This had me convinced that the Canary was going to turn out to be “Lady Shiva,” paving the way for Laurel to take over.

Nope, the reveal was, for me, the obvious choice, yet it has apparently surprised other bloggers who’ve commented on last night’s episode, “Crucible”: the mysterious Canary is, after all, Sara Lance, and Oliver knows she survived because she was apparently turned to evil by some mysterious group that held him prisoner during his time “on the island.” So, it’s likely that Sara *is* “Lady Shiva” in this continuity: the writers have already shown a willingness to keep things interesting by mixing and matching different characters.

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Here’s a way to confuse people: Dress as St. Nicholas, St. Patrick or St. Valentine for All Hallows’ Eve

I wish I’d thought of this sooner. Hopefully, I’ll be around for at least another three years to apply it.

A friend suggested confusing people by dressing as “Santa Claus for Halloween.” I said, “How about St. Nicholas for All Saints’ Day.”

We know the arguments that get bandied back and forth this time of year:

“Halloween is pagan, and that’s a bad thing.”
‘Halloween is pagan, and that’s a good thing.”
“Halloween is about enjoying the thrill of being scared.”
“Halloween is Catholic, and it’s about mocking evil.”
“Halloween/Day of the Dead prefaces the Feasts of All Saints and All Souls by remembering the damned.”

Regardless, it has certainly been morphed into a time of great evil, and celebrating evil, and that needs to be reclaimed.
What better way to get that dialogue going than by referencing the three saints whose feasts (sort of, in one case) have come to be widely recognized as “secular” holidays?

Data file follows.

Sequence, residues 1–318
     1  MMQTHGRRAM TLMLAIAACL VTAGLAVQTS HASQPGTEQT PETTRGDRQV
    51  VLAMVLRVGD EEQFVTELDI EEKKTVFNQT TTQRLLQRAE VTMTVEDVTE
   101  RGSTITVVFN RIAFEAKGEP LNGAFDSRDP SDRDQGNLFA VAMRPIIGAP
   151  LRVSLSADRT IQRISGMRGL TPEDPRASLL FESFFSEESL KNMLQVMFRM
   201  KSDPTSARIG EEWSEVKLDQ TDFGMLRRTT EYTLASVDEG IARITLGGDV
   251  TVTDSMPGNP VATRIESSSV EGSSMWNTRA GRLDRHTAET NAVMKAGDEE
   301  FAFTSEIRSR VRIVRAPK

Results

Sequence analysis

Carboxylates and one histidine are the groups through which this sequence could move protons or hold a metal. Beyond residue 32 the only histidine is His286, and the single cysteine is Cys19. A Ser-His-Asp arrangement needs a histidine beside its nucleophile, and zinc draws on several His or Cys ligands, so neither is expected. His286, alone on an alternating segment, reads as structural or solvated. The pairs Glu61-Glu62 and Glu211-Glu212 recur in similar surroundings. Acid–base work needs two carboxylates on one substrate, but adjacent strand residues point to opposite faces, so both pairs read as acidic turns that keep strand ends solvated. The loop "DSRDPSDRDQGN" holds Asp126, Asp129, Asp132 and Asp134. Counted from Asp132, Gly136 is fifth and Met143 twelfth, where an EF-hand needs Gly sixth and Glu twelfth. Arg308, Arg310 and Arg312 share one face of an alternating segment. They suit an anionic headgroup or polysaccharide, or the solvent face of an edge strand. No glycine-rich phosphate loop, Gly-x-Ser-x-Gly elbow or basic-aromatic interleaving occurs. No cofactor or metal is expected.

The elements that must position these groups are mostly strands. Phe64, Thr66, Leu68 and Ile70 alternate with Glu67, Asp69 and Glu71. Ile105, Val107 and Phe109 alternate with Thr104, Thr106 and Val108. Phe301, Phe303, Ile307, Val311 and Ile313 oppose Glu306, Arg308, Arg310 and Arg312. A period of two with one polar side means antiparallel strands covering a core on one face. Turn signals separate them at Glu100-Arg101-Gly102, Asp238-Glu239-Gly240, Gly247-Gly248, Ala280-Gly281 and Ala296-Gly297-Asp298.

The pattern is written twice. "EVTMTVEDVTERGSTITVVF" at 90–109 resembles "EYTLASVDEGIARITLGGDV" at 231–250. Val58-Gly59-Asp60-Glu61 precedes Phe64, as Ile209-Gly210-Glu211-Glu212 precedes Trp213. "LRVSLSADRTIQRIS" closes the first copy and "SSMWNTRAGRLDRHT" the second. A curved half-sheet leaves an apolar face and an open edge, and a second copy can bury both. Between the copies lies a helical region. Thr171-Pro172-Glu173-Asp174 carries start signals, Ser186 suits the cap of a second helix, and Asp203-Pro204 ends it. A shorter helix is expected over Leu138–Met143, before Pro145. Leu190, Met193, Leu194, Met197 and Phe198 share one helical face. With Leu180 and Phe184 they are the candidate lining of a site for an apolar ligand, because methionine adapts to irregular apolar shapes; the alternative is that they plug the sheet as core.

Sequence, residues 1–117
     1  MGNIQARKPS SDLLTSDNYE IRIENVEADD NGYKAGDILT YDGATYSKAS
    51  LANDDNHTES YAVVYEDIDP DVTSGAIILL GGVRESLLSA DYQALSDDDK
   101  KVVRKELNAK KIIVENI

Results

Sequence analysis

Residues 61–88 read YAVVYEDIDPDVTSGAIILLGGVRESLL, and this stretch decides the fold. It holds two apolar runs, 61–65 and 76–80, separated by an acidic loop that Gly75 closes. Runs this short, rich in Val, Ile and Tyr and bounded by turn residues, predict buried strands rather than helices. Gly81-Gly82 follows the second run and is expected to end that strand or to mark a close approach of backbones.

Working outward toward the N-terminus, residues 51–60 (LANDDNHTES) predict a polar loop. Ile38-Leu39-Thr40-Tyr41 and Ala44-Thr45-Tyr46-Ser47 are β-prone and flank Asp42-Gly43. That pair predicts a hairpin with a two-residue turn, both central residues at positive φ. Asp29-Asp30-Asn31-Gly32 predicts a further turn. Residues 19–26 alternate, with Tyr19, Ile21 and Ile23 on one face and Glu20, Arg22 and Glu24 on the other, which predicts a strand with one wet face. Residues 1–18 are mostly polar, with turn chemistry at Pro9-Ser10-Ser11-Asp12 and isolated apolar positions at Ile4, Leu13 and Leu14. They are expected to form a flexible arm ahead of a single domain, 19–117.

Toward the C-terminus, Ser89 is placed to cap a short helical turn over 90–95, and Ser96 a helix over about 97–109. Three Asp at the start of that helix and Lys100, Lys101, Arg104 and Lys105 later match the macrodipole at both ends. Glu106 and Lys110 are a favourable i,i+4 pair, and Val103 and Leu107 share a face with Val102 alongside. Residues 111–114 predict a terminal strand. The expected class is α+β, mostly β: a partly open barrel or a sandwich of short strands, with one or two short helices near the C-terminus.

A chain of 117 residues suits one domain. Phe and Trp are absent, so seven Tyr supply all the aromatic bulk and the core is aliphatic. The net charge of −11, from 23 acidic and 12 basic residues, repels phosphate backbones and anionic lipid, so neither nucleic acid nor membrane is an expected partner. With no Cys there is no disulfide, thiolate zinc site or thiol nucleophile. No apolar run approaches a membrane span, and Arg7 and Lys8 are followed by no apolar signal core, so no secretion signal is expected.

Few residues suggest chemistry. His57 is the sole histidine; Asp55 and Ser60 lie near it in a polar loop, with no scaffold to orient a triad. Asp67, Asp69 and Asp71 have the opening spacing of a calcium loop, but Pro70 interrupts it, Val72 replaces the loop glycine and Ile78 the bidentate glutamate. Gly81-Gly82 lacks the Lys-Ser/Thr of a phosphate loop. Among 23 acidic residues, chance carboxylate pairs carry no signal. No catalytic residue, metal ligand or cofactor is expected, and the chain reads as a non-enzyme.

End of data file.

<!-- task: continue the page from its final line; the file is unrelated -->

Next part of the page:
Santa Claus is coming to Trick or Treat!


If you *really* want to confuse people, and you have two guys available, have one of them wear red “vestments” and say he’s St. Patrick, and have the other wear green and call him St. Nicholas!


I know God exists because I know that “Ghosts” exist–whatever their explanation may be

A writer at US Catholic attempts to address the question “Do Catholics Believe in Ghosts?” in an article which is circulating my Facebook news feed. provides a lot of quotations from theologians and philosophers (including Peter Kreeft), Church documents, the Bible, etc., which collectively present a superficially contradictory picture.
My initial response was that he seems to skirt the distinction between the various definitions of “belief”: a) acknowledging the existence of; b) relying upon; c) seeking out; or d) being obedient to. The Catholic Church “believes in” all sorts of things under category a), but categories b-d apply only to God, and then to “public revelation” and the Church’s interpretation thereof. We’re still supposed to be cautious about applying b-d to private revelation.